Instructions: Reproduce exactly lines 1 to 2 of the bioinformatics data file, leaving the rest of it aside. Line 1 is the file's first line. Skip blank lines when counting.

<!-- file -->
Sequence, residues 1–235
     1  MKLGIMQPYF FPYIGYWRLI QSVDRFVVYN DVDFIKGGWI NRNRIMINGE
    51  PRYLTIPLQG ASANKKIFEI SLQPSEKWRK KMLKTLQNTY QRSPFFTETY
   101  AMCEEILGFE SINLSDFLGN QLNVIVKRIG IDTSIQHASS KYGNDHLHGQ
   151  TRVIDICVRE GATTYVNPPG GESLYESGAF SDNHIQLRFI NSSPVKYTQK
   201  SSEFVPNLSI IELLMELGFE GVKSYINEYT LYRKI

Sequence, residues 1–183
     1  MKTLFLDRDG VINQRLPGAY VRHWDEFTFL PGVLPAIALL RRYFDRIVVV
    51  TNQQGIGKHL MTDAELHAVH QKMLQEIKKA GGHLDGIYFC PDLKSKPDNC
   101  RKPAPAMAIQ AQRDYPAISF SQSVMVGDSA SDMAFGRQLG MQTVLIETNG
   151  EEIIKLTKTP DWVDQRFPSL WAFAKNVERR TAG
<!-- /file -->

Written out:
Sequence, residues 1–235
     1  MKLGIMQPYF FPYIGYWRLI QSVDRFVVYN DVDFIKGGWI NRNRIMINGE